Resurrection was not just on a Sunday
Resurrection is  50 days of mystery and joy
and then eternity figuring out what it means

One day a tree falls and becomes soil for new life
A witness to renewal and hope
Proof of connection between the old and the new

I live in a forest of felled trees
Generations of lost loves and found loves
The lost is the foundation for the found
Making it possible for love to grow again


Immersion in water is entry to a promise
Like learning a language
Daily ablution
Allows the grammar of that promise
To soak in
Immersion in fellowship and breaking bread
Submersion in service and love
Enveloped by the longing
for justice and peace
Communal, not personal
Continuous, not a moment




The burning bush. Was it supernatural vandalism? Or holy art?
The bush was green again in the end.
But once you’ve seen those flames,
Your attention cannot be un-grabbed.
It makes you wonder about the way things ought to be and look and feel.
You will keep looking for beauty in unexpected places.
And the unexpected in beautiful places.



The other day, I posted a photo on Facebook of a sage bush that is blooming in my front yard. These shrubs are usually pale green, but when it rains a lot (as it has in Texas this Spring and Summer) they blossom with purple flowers. A friend saw the photo and commented that sages are a true resurrection plant. It made me see them in a new way.

In truth, the sages here don’t ever seem to die. They are hearty and drought-resistant. But when it rains, they take on a whole new look and liveliness. Those purple flowers seem to have been waiting for the right circumstances to bring them out. As Summer progresses, the flowers will drop, but the sage will flower again. That is what they do.

In my faith tradition, resurrection is a central belief, yet even those who don’t believe the dead literally come back to life find hope in the theme of resurrection. It isn’t the passing of one soul through many lives – that is reincarnation – but the renewal of one single life or even of a community. In a way, resurrection can be seen as a person or community becoming most fully themselves. That’s why the symbols of resurrection are things like butterflies and eggs and sage bushes – living beings that undergo a transformation but retain the same essence; they stay what they have always been, only better. For some of us, the theme of resurrection is what gives us hope when we face all kinds of small “deaths,” like church attendance going down or changes in leadership. Or bigger “deaths” like racism or the daily indignities of poverty.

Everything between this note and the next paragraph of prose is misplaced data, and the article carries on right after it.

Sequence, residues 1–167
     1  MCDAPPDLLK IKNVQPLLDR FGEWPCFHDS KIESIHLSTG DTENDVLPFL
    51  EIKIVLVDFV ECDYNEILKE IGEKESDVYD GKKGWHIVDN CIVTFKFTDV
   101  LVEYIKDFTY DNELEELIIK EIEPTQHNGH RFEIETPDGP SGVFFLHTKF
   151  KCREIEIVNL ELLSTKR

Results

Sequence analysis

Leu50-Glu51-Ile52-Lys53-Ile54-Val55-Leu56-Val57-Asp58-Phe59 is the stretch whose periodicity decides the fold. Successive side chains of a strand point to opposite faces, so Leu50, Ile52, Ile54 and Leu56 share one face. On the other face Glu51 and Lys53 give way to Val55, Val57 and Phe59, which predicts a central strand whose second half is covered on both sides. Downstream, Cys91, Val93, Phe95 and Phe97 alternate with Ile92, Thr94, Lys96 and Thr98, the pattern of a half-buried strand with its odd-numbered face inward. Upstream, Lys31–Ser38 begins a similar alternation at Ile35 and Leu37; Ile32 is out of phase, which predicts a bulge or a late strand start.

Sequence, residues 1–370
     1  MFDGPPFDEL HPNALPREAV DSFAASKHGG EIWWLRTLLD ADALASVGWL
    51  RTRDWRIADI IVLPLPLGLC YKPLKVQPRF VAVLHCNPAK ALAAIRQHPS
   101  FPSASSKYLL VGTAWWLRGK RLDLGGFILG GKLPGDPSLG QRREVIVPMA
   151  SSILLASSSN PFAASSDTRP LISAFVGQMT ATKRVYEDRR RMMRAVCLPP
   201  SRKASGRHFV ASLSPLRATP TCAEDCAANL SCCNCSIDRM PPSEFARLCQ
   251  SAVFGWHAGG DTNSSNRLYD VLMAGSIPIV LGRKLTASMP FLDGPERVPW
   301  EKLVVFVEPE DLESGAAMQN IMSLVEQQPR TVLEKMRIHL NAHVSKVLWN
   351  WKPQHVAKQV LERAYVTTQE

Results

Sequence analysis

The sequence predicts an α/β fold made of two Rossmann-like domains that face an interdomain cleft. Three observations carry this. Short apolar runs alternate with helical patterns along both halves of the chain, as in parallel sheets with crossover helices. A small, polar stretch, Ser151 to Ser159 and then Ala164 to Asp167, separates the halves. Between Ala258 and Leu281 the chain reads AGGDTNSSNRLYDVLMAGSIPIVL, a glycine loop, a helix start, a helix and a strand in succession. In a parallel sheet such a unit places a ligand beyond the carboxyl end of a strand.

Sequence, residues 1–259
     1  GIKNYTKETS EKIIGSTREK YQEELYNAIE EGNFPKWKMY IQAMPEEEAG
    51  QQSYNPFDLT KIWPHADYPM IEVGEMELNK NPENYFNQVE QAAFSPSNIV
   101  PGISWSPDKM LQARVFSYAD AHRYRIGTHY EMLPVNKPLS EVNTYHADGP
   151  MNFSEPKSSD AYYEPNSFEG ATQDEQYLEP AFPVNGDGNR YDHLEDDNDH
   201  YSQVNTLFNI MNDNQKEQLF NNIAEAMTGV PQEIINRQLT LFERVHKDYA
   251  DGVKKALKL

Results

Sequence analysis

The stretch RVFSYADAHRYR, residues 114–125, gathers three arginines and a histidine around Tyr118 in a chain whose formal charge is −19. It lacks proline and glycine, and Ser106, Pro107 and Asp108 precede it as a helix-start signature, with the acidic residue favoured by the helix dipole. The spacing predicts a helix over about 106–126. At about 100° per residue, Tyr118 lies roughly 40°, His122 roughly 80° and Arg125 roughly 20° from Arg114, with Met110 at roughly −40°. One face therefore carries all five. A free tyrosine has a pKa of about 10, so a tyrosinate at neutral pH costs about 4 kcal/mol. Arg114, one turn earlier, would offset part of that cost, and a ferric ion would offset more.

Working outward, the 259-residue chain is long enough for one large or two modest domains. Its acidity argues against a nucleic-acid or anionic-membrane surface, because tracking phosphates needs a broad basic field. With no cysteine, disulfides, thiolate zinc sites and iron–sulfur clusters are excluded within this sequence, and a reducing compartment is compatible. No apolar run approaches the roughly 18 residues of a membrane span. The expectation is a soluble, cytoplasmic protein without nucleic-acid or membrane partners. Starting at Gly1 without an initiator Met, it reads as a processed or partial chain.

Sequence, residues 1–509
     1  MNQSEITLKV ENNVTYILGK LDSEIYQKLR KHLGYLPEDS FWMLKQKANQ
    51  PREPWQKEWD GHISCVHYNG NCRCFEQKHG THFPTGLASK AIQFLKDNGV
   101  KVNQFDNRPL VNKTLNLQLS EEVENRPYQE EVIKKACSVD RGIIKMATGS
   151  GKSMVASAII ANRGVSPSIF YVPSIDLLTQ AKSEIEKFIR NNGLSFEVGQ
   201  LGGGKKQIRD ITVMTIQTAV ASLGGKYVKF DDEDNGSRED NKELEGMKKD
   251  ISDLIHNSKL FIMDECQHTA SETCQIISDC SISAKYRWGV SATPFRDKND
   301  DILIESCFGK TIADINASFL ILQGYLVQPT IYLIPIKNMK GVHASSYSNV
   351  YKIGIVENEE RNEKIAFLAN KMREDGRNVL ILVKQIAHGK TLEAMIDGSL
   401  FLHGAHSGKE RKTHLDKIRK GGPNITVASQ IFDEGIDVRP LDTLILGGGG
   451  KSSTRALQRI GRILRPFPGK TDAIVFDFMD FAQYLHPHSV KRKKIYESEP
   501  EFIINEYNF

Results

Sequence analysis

Resurrection is hope, transformation, and renewal.

As I work with patients and families at the hospital this summer, the image of my “resurrection” sage is a helpful one. People, too, blossom when the circumstances allow. Many times, those circumstances might be a death or a difficult transition. Sometimes, as I sit with people experiencing grief and pain, they begin to flower with stories, memories, plans, and gratitude. I’ve experienced it at similar times in my own family. In the midst of grief, we’ve recalled old family jokes, planned favorite meals, reached out to disconnected loved ones. And so it is with the families I companion this summer. Thanks to my friend’s comment, I’ll be looking for these resurrection moments every chance I get.

Light and Love

“Darkness cannot drive out darkness: only light can do that. Hate cannot drive out hate: only love can do that.” Martin Luther King, Jr.

Every Sunday, I light two candles: one for people on my prayer list and one for peace. The prayers are always specific, but some days they are lifted up from more places than just my heart. This was one of those days – the events of this week seemed to rise up before many of us at once, begging for light.

Like most people I know, this week has been one of grief and anger as we learned about the murder of nine African American women and men in their church. As we learned that they were murdered in an act of racist domestic terrorism. As we realized that, although this slaughter was unimaginably horrible, it was not surprising. Because we’ve seen so much of it lately – literally seen it captured on video and widely broadcast.

There is a lot I could say about what happened in Charleston – but there are other people saying it so well whose words I’ve been sharing on social media. (And I highly recommend you check them out.) What I can add is how this event was framed for me this morning. Because after I lit my candles and hoped those flames were bringing a tiny bit of light to the darkness in the world, we had a baptism in my congregation. After reflecting on the hatred we confront in the world and how faith calls us to respond, a joyful, dancing girl took vows to join in the work of helping light overcome darkness and love overcome hate. Together, a community  vowed with her to resist evil, love our neighbors as ourselves, strive for justice and peace, respect the dignity of every human being.